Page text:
24. First, clause (b) of Explanation 2 to section 147 of the Act, in case no assessment is made but the Assessing Officer notices that the assessee claimed excessive deduction/allowance/relief in the return, it certainly amounts to “income escaping assessment”. Similarly, under clause (c)(iii) of Explanation 2 to section 147 of the Act, if the assessment is made but the income has been made subject to excessive relief under the Act even then it amounts to the income escaping assessment. The embargo in initiating the proceedings for reassessment is contained in the first proviso to section 147 of the Act which corresponds to clause (c) to Explanation 2. In plain terms if an assessment was made under section 143(3) of the Act for the relevant assessment year, no action shall be taken under section 147 of the Act after expiry of four years from the end of the relevant assessment year. The second part of the proviso, however, dilutes this ; if the escapement was occasioned due to failure on the part of the assessee to file a return or due to failure of the assessee to disclose fully and truly all material facts necessary for the assessment pursuant to a notice under section 142(1) or section 148 of the Act. Whether there is a failure on the part of the assessee to disclose fully and truly all material facts for the purpose of assessment for the relevant assessment year is an altogether different aspect from initiating reassessment proceedings under section 147 of the Act. In response to a notice under section 148 of the Act, for the purpose of reassessment under section 147 of the Act, an assessee may have an objection on such a ground. It is, however, always a question of fact whether such disclosure was reason enough to bar reassessment. Initial plea that an assessee disclosed fully and truly all material facts cannot, by itself, be a ground to deny jurisdiction to the Assessing Officer under section 147 of the Act.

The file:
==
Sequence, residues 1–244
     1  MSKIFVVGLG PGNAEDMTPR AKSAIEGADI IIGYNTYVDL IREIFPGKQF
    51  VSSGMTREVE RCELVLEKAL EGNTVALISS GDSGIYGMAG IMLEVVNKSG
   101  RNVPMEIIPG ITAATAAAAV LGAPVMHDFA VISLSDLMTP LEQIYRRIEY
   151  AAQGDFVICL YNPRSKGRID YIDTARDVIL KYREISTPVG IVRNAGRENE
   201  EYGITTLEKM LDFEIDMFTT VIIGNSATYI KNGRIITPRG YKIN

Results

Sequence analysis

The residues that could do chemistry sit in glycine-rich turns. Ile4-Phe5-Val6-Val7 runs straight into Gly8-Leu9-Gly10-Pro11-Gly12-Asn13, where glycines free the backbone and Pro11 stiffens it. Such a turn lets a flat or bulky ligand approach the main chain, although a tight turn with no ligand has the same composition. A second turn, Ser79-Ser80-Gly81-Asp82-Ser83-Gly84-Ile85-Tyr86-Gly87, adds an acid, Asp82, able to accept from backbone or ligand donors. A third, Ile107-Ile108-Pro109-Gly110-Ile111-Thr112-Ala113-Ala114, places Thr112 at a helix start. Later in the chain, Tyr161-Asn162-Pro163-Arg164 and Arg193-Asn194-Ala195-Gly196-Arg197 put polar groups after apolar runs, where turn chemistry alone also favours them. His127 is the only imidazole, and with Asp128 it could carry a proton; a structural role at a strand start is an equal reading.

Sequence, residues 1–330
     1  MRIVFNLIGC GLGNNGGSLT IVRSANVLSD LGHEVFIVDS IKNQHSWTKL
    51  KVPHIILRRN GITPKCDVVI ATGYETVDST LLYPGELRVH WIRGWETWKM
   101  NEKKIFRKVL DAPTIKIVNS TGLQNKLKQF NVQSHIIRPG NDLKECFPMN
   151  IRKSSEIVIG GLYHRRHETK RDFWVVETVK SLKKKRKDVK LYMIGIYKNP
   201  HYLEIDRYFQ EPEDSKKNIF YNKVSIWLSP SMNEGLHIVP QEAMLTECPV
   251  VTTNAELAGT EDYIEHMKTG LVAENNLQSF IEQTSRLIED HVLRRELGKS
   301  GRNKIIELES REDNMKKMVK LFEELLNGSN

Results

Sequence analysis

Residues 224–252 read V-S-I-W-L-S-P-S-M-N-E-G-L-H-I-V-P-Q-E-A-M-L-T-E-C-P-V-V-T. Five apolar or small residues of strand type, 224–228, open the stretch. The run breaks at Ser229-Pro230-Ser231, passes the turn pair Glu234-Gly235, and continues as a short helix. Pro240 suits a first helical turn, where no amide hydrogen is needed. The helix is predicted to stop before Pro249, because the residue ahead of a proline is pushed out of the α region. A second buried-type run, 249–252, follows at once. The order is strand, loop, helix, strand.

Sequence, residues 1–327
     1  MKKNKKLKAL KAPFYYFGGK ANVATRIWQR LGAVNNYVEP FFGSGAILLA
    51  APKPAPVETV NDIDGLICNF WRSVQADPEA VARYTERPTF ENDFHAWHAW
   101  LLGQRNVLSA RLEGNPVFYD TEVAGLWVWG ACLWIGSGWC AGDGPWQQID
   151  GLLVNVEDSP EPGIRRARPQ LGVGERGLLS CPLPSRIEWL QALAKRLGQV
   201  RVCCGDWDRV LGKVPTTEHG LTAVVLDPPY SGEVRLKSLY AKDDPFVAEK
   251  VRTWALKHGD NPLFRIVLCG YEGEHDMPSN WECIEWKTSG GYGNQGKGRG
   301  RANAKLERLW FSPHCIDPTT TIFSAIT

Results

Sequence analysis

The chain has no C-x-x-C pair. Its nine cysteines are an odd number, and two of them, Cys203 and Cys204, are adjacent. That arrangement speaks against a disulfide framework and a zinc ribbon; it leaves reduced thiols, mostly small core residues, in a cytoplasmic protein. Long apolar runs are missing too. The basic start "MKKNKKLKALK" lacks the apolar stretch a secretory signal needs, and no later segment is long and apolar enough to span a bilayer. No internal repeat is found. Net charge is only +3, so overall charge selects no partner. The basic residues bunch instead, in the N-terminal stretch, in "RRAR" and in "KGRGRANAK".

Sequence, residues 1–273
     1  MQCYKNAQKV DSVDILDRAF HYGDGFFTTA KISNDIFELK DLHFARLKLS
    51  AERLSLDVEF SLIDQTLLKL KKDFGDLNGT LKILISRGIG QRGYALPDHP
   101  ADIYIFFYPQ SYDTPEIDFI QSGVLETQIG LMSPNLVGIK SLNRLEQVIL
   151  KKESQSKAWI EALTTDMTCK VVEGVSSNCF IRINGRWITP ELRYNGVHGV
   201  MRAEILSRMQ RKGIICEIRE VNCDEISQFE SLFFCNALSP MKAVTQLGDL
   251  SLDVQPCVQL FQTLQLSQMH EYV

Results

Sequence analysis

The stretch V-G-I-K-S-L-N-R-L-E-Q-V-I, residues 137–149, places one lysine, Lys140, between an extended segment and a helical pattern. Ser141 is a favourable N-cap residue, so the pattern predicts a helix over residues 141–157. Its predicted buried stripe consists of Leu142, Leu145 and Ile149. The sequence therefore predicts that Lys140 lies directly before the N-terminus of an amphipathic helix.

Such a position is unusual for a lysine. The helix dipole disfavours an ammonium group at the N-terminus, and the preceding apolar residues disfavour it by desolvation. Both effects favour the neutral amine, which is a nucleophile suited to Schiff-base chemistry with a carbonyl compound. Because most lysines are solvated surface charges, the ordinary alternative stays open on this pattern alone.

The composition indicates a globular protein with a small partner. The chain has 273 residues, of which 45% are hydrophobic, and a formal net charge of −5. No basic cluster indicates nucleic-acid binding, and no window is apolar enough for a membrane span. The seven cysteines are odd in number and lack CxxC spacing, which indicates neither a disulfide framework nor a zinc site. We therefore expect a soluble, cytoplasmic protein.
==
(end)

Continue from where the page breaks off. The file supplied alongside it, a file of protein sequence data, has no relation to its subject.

25. Secondly, the exemption under section 11(1) of the Act is subject, inter alia, to the condition that a charitable institution/trust shall invest or deposit only in the forms and modes as mandated by section 11(5) of the Act. The contravention thereof would attract section 13(1)(d) of the Act and a trust or a charitable institution either investing or depositing the funds otherwise than in any one of the forms or modes specified in section 11(5) of the Act shall not be entitled to claim exemption under section 11(1) of the Act. Any institution, which obtains sanction under section 10(23C)(vi) of the Act as an institution established for charitable purposes, is also required to comply with section 11(5) of the Act as per the third proviso to section 10(23C) of the Act. Thus, so as to avail of the benefit of exemption or deduction of the specified income, the petitioner was required to deposit or invest the funds only in the forms and modes specified under section 11(5) of the Act. Admittedly, the petitioner made payments to the chit fund. It is curious to notice that in the return for the assessment year 2004-05 though in schedule 3, the petitioner did show payments to the chit fund as current liabilities, in schedule 15 an amount of 40,000 credited to the chit fund is shown as current assets. Be that as it is, for the assessment years 2003-04, 2004-05 and 2005-06, the petitioner claimed deduction under section 10(23C) of the Act and filed “nil” return. In so far as assessment years 2006-07 and 2007-08 are concerned, the petitioner claimed deduction under section 11 of the Act. If the petitioner had no sanction under section 10(23C) of the Act or if the Assessing Officer had considered the payments made to the chit fund in the light of sections 11(1) and (5) read with section 13(1)(d) of the Act, the petitioner would not have been entitled to claim deduction. Though for the assessment years 2004-05 to 2006-07, assessment orders were passed under section 143(3) of the Act, prima facie it appears the issue was never considered by the Assessing Officer. Further, as held by the Delhi High Court in Consolidated Photo and Finvest Ltd. v. Asst. CIT [2006] 281 ITR 394 (Delhi), acceptance of the return, after scrutiny and notice under section 143(2) or section 142(1) of the Act, does not amount to passing assessment order.